Tripping De-Light Fantastic
Are psychedelic drugs good for you?
A year ago, hoping to dispel the postpartum gloom that had gripped me after I finished writing a book, I hiked into a forest near my home and pitched a tent under some pine trees. I spent that day and evening listening to the forest, scribbling in my journal, and thinking—all while under the influence of a psychedelic drug. The next morning I returned to my wife and children feeling better than I had in months.
What I did that day should not be illegal. Adults seeking solace or insight ought to be allowed to consume psychedelics such as LSD, psilocybin, and mescaline. U.S. laws now classify them as Schedule 1 drugs, banned for all purposes because of their health risks. But recent studies have shown that psychedelics—which more than 20 million Americans have ingested—can be harmless and even beneficial when taken under appropriate circumstances.
Citing this research, some scholars and scientists are proposing that the prohibitions against psychedelics—or entheogens, "God engenderers," as believers in their spiritual benefits prefer to call them—should be reconsidered. This legal issue has recently been brought to a head by a religious sect in New Mexico that is suing the United States for the right to drink a hallucinogenic tea called ayahuasca in its ceremonies. A federal court is expected to rule on the potentially momentous case any day now.
"There is no doubt that hallucinogens can be used unwisely," says Charles Grob, a psychiatrist at the UCLA-Harbor Medical Center, who testified in the ayahuasca case and is a leader of the effort to rehabilitate the reputation of these substances. "But these studies show that they can be used safely within certain parameters."
After LSD's astonishing effects were discovered by the Swiss chemist Albert Hofmann 60 years ago, many psychiatrists considered it and similar compounds potential treatments for psychological ailments. That is why the psychiatrist Humphrey Osmond called the drugs "psychedelic," from the Greek root for "mind-revealing." By the mid-1960s, medical journals had published more than 1,000 papers describing the treatment with psychedelics of some 40,000 patients afflicted with disorders ranging from schizophrenia to alcoholism.
One remarkable study from this period, known as the Good Friday experiment, probed the capacity of psilocybin (the active ingredient of so-called magic mushrooms) to trigger spiritual experiences. On Good Friday, 1962, the Harvard psychiatrist Walter Pahnke dispensed psilocybin and placebos to a group of 30 divinity students and professors assembled in a Boston church. A majority of those who received psilocybin reported sensations of profound awe and self-transcendence that had lasting positive effects.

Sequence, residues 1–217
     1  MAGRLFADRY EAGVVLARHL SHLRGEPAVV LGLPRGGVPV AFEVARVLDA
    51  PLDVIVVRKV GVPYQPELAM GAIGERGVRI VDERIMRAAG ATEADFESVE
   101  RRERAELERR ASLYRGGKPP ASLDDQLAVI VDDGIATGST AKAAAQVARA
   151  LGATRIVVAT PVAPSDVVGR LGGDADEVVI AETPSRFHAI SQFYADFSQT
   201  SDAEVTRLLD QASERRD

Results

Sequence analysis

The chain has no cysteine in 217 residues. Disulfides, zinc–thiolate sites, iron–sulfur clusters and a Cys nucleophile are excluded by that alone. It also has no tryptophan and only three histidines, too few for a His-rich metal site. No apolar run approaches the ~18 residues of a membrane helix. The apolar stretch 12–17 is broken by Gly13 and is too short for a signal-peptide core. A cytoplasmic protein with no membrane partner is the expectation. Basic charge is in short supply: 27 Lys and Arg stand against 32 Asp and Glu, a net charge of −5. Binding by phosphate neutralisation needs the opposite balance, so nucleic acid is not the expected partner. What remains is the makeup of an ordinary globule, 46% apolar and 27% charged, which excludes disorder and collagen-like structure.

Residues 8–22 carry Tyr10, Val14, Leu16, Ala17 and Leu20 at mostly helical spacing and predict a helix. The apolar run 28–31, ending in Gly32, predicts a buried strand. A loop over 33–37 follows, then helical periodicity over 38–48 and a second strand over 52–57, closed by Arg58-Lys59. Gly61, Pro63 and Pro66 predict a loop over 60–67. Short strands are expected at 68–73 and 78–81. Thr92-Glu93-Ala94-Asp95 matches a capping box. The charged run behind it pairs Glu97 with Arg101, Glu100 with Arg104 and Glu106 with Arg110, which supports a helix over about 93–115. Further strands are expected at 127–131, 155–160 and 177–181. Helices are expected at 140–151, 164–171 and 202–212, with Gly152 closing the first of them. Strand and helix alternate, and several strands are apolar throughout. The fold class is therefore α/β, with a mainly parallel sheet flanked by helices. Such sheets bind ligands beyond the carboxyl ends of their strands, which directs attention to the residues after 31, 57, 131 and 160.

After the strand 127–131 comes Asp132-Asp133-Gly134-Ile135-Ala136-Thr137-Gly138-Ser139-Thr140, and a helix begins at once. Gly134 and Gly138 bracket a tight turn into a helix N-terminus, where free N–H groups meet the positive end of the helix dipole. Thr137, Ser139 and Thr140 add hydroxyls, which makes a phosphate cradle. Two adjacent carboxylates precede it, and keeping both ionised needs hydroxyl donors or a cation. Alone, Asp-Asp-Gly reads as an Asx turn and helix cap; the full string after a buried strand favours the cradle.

By the early 1970s, the surging popularity of psychedelics among the young—urged by Timothy Leary to "turn on, tune in, and drop out"—had triggered a backlash. Psychedelics were outlawed, and virtually all research on them was shut down amid rising concerns about their adverse social and medical effects. In 1971, the Journal of the American Medical Association warned that repeated consumption of psychedelics would usually result in permanent "personality deterioration."
Further research has shown these fears to be exaggerated, says John Halpern, a psychiatrist at Harvard Medical School. To be sure, psychedelics can cause acute and sometimes persistent psychopathology, especially in those predisposed to mental illness. But Halpern maintains that these compounds are usually harmless when ingested by healthy individuals in appropriate settings.
As evidence, Halpern cites a five-year study he recently completed with a Harvard colleague of members of the Native American Church, who are permitted by U.S. law to consume the mescaline-containing cactus peyote as a sacrament. Church members who had taken peyote at least 100 times showed no adverse neurocognitive effects compared to a control group.
Similar results have emerged from a study of ayahuasca by UCLA psychiatrist Grob and other scientists, results that Grob describes in the essay collection Hallucinogens. Ayahuasca, a tea brewed from two Amazonian plants, contains the potent psychedelic dimethyltryptamine, or DMT. Although the tea often triggers nausea and diarrhea, Indian shamans have prized it for its visionary properties for centuries, and since 1987 it has served as a legal sacrament for several churches in Brazil. The largest is the Uniao Do Vegetal, or UDV, which combines elements of Christianity with nature worship and claims 8,000 members.
John Horgan directs the Center for Science Writings at Stevens Institute of Technology. His next book, The End of War, will be published in November.
llustration by Robert Neubecker.